Zeb Larson reviews Roche Limit #3…
Moscow pays a visit to the ghouls while Alex and Sonya get their hands on Guthrie. A strange sickness emerges.
Disparate threads are starting to come together in this story as several of our protagonists cross paths. The biggest revelation regards what Recall does to people, as it becomes obvious in this issue that some sort of plague or reaction is happening to former users. Yet while the plot is advanced considerably here, this is also a metaphysical issue that discusses what role human beings have in the universe. I’ll touch over the broad points of the issue in the next paragraph, but there will be no spoilers.
Alex and Sonya visit a clinic for users of Recall, which apparently and unsurprisingly has some nasty side-effects. They also go to visit the doctor involved with the young women, who is apparently conducting some kind of research involved with the human soul. Moscow is continuing his bizarre search for the girls, and he appears to be experiencing some of the nasty side-effects as well. Finally, we get an inkling of Bekkah’s fate, which leaves the reader on a good cliffhanger for the next issue.
The question at the heart of this story seems to be about man’s place in the universe. Langford thought that he could find some sort of meaning out there among the stars, but what he realized was that the universe doesn’t seem to be aware of us at all. Nothing was made for mankind, and we are merely a part of the cosmos. Langford at one point says that everything we know is an interpretation of the world, our hopes and ambitions externalized on the world around us. When the world around him no longer matched the dreams he had projected, Langford cracked. In fairness, what he realized is a pretty bleak thing, at least if you’re hoping you can transform reality.
But while the cosmos doesn’t have any particular regard for humanity, that doesn’t mean that there’s nothing else out there. On the contrary, we as readers explicitly know that there’s some other kind of non-human intelligence at work in this story. This intelligence doesn’t seem to be very friendly either, and it seems clear that things are going to fall apart in the next several issues.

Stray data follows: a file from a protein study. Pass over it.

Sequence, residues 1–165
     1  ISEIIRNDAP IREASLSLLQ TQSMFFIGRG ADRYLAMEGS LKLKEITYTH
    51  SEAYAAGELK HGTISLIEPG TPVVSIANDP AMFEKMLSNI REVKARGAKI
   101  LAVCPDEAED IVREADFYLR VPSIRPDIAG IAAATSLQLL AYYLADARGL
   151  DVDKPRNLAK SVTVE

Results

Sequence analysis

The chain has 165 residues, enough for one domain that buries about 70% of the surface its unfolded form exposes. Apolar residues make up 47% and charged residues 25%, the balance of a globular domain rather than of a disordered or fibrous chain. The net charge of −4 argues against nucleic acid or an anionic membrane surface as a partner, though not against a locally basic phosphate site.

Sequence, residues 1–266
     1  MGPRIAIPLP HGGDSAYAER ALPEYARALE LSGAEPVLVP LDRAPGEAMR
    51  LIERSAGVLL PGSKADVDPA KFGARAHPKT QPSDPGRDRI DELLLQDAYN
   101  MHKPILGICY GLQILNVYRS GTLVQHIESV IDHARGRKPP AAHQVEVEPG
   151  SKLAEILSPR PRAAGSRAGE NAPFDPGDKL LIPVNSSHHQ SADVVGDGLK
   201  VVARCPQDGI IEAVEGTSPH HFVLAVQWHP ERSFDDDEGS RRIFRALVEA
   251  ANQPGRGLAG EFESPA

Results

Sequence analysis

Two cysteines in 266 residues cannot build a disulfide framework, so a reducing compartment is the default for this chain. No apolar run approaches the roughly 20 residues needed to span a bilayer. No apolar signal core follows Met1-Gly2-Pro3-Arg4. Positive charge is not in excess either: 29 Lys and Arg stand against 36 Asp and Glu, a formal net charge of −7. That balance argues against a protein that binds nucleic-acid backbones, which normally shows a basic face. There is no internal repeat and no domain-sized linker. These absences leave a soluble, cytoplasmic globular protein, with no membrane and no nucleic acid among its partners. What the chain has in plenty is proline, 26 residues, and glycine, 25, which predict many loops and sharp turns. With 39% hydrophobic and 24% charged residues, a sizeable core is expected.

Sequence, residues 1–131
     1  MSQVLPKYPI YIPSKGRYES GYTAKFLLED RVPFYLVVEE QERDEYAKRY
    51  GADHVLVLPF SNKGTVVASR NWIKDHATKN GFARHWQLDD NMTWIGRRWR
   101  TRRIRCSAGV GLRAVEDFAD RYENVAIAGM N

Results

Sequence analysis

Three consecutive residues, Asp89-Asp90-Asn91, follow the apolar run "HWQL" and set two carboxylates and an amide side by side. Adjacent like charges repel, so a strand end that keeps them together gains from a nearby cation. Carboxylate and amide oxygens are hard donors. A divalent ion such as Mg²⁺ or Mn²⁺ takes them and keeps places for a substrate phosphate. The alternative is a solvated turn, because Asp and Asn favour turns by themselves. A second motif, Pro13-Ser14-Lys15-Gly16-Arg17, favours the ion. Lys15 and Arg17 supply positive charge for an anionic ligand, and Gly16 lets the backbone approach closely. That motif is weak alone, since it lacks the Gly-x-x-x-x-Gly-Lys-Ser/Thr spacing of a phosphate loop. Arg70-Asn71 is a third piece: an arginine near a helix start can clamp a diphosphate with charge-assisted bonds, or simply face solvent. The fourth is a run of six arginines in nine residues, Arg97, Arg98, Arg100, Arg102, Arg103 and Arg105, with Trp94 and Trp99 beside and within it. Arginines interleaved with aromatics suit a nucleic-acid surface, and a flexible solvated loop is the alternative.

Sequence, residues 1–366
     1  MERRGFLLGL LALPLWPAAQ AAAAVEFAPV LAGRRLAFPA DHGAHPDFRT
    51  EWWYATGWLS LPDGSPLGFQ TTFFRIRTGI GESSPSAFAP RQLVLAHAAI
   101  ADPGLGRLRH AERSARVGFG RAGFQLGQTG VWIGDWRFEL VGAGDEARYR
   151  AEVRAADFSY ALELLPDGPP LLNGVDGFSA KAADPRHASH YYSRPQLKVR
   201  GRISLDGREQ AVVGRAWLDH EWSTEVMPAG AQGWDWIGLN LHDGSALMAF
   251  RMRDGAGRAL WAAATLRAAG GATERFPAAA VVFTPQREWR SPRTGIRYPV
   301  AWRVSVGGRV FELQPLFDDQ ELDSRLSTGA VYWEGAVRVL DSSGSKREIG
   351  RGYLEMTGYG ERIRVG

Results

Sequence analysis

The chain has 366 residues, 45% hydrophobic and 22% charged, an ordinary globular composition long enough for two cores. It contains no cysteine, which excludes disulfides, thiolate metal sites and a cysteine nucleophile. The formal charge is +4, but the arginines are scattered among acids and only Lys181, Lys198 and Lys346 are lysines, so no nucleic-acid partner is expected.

Now that we’re three issues in, it might be time to discuss the significance of the title. A Roche limit is a space in which a body in space being held together by its own gravity disintegrates under the tidal forces coming from a second celestial body. Now, one could read into that literally, as Roche Limit is a crumbling space station near a larger body in space. At a deeper level, however, this is also about humanity finding something other than itself in the cosmos. The colony of Roche Limit has destroyed just about everybody that has come in contact with it, largely by shoving their cosmic irrelevance in their face.
In every issue I note another allusion to Bioshock, which I noticed this time in a description of the slums. Yet the allusions are moving past popular dystopian fiction and into the realm of philosophy. In discussing interpretation as the basis for understanding reality, Moreci is touching on phenomenology and Timothy Leary’s “reality tunnels.” I even picked up a few notes from Ecclesiastes, as Langford’s self-criticisms are reminiscent of the author’s warnings about man’s inability to create anything permanent.
This comic has had a really powerful opening arc, and I can’t wait to see what comes next from Moreci and Malhotra.